Thailand Part 2

January 2018: I flew from Luang Prabang in Lao to Chiang Mai in the north of Thailand. The very last stop on my epic trip, before heading back to Bangkok and home to England.

As we skip through the small airport of Chiang Mai and out of the gates a ladyboy with a tuk-tuk cattily asks us if we want a ride into the centre; as if unaware of the cheap stereotypes that she is reinforcing. On the ride into town, billboards advertise 'special massages'; street vendors sell smoothies; tuk-tuk drivers loiture ominously on street corners; a plethora of sweet and savoury (and unsavoury) smells woft into my nostrils. The ladyboy strokes my leg and purrs 'welcome back sir! You've been sorely missed! Would you like a massage sir!' (This last thing may not have actually happened, but I don't let the truth get in the way of a good story). Hello Thailand my old friend!

Chiang Mai

Chiang Mai is the ancient seat of the Lana empire, invade once by Burma and then by Siam, it was ingested into the Siamese empire, which later became Thailand, and there it remains to this day; but the otherness when compared with the rest of Thailand remains forever just under the surface. A sort of unofficial capital of the north, and the major centre of the backpacker scene in the North. The old town is set out in a perfect square, full of trendy bars, cafes and restaurants and ancient temples; surrounded by a crumbling red brick wall and a large moat. I check into the hostel on the edge of the old square, a sleepy and relaxing little place and set out to explore the town. As pretty as it is I am not really here to explore Chiang Mai, I intend to use it as a base for exploring the north of Thailand.

My trusty steed for the next week.

The next day I make arrangements to hire a motorbike, a slightly more powerful, and hence more expensive beast, but may well be needed to make it up these steep mountain roads. I set off into the sunset (in a metaphorical sense, actually it’s midday). The traditional rite of passage is to drive from Chiang Mai to the small town of Pai, but I want to make a little stop on route at the less visited Chiang Dao first.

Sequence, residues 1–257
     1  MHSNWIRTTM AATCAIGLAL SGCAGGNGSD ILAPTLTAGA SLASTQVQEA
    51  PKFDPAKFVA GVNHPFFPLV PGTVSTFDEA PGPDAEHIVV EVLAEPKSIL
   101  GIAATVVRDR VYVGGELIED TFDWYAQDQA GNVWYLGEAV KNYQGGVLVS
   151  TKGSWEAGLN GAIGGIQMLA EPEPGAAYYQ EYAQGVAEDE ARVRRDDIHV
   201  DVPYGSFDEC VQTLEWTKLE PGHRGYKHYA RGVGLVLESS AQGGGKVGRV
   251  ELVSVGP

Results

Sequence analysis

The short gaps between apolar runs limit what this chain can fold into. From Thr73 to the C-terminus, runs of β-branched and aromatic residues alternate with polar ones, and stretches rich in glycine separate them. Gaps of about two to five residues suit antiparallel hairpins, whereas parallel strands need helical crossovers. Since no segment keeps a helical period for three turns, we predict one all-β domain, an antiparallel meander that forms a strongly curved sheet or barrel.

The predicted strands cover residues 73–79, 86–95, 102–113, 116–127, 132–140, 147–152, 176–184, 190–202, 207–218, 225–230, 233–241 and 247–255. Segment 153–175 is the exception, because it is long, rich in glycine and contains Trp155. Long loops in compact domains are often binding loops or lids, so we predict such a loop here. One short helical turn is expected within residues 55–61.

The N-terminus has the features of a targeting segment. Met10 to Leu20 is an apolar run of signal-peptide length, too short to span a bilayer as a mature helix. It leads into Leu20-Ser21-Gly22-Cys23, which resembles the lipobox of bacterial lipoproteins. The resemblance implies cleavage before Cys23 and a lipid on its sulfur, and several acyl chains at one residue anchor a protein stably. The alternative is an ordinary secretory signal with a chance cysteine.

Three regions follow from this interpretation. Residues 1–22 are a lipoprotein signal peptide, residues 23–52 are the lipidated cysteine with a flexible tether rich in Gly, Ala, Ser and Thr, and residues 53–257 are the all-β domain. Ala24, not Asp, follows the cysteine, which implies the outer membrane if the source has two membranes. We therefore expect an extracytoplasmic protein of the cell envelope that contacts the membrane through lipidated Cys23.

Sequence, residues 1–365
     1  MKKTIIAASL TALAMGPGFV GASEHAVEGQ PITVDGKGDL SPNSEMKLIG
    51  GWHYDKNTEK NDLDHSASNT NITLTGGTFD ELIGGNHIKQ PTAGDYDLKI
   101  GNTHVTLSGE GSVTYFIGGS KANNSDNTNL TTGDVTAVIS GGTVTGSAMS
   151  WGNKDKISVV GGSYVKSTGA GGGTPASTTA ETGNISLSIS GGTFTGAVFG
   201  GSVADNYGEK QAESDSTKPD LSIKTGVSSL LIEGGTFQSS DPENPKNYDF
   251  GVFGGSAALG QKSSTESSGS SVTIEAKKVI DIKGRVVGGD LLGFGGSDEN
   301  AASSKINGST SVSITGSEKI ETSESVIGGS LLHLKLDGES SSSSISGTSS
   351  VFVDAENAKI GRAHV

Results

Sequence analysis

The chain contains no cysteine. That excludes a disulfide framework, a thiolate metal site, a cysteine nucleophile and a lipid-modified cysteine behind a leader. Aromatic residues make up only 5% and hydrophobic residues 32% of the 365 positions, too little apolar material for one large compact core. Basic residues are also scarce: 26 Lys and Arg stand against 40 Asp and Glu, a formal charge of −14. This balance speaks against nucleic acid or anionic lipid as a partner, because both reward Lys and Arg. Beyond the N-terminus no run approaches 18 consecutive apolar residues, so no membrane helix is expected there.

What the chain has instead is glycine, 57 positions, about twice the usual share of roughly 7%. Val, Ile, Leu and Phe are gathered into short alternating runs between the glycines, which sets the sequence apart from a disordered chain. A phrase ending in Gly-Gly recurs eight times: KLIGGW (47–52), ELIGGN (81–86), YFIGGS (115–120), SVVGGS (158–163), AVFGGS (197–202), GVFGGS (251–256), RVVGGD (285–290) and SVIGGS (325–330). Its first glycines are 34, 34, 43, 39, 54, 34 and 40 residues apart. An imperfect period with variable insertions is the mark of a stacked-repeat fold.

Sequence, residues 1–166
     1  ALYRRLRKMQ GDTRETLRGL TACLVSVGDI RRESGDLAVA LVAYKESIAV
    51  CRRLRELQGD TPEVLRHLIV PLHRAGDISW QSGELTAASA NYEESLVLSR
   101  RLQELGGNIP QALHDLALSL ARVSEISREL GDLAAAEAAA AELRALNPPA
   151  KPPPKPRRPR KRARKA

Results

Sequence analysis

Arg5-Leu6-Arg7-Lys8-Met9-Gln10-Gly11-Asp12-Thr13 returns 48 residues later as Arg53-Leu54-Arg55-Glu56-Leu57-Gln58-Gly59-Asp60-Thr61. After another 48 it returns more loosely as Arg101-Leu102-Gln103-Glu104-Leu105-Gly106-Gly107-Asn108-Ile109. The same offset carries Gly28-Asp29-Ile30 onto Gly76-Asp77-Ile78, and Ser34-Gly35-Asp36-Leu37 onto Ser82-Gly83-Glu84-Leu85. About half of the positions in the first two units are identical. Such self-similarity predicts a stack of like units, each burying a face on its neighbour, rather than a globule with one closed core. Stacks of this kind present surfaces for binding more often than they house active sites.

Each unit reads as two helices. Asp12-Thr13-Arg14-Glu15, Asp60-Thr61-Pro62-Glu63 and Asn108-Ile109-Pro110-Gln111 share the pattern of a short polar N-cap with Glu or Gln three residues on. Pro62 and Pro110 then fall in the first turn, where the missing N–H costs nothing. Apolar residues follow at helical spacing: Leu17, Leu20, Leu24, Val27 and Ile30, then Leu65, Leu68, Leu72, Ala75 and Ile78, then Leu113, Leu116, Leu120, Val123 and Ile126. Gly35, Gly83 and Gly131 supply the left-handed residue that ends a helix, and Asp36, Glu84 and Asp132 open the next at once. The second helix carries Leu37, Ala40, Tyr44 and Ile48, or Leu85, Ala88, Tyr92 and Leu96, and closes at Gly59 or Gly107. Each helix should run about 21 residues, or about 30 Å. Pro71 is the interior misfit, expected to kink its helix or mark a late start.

Chiang Dao

The ride up to Chiang Dao is not particularly inspiring, a flat highway with three lanes of traffic. The road is not too busy and it’s a perfect ride to settle into this new, more powerful bike. The previous bikes I've ridden have a worrying tendency to start rattling at around 60-70 km/hour, but this little beast makes it up to 90 without too much trouble, yet I daren't push it further than that. The turning for Pai comes and goes, and I continue north. The last 20 km become much more interesting as the road narrows into a single lane and ascends into a cool forest. The smooth road begins to snake up the hill to Chiang Dao. I reach my guest house in good time, a beautiful wooden chalet with a balcony overlooking Thailand’s third highest peak: Doi Chiang Dao. This is one of the prettiest places I've stayed on this trip, and I immediately opt to stay one more night, my tight itinerary already ruined before I've really got going.

Chiang Dao
The view from the guest house in Chiang Dao, overlooking some of Thailand's highest peaks.

Two main attractions present themselves in this otherwise fairly sleepy town; the first and most obvious is the ascent of the 2,200 meter peak in the nearby national park. The other is a deep complex of caves fronted by a buddhist temple. It's far too late to tackle the ascent today, so I opt for the cave, which is handily just up the road from where I am staying. It's hardly worth mentioning a buddhist temple at this late juncture, as pretty as it is, but the cave is an interesting afternoon trip. A steep ascent and then an undignified scramble down and I find myself in a series of grand underground caverns. A little Thai woman offers to take me deeper into the unlit cave with a gas lantern, and we set off together. She knows just the few words of English that her job requires, such as 'watch your head', or 'careful spider', 'as big as your head!' and she is not lying; not one for the arachnophobes amongst us. It's a fun forty minute scramble on hands and knees culminating in a dark atmospheric cavern with a little reclining buddha; clearly a sight of religious importance as my guide gets down to her hands and knees and spends a silent minute of contemplation in front of our ubiquitous Indian friend.

There is nothing left to do but to lounge aimlessly in the sun and fill my belly with my exquisite Thai fare. I opt for a delicious, if excessively spicy, papaya salad with pork. The waiter grabs me by the shaking hands, and looks me in my watery eyes. 'Well done, I've never seen a farang finish that dish before'. I try to hide the pain that I'm clearly in. He laughs as I try to compose myself and hop back on my bike. As beautiful as the town is, it is not really a night time place, so I curl up with a book and have an early night, planning my 1000 meter ascent tomorrow. Most information recommends a guide and at least 2 days to tackle the walk, it's like they don't even know me!